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Under South Carolina law in order for someone to be arrested or prosecuted for Criminal Domestic Violence (CDV) it is necessary that the alleged victim be a household member.
As defined by South Carolina law a household member is a:
Not all dating, sexual or boyfriend\girlfriend relationships meet the legal definition of household member. Cohabitation has been defined as "[t]he fact or state of living together, especially as partners in life, usually with the suggestion of sexual relations." Black's Law Dictionary 7th ed. at 254.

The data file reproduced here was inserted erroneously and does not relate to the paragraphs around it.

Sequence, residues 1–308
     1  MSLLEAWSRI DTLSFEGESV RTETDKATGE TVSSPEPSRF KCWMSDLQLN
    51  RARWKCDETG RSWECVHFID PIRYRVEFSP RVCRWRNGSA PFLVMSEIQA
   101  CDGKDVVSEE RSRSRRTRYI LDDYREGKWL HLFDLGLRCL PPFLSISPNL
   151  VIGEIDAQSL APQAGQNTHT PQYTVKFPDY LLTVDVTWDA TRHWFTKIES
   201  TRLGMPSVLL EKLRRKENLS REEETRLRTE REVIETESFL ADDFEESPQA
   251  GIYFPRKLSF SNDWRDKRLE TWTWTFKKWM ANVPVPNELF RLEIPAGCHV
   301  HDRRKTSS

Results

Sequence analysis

Unless the household member status exists between the defendant and the alleged victim there is no CDV violation. Instead there may be an assault (misdemeanor or felony) or no crime at all. There are times when people are arrested for CDV and have this as an available defense. Some examples would include:
It is important to review all CDV cases to determine if a household member status exists or whether or not one can be proven in Court. This is an important part of an overall defense strategy. If you have questions regarding a CDV case please contact our office at 1-888-301-6004 to schedule a consultation with James Snell.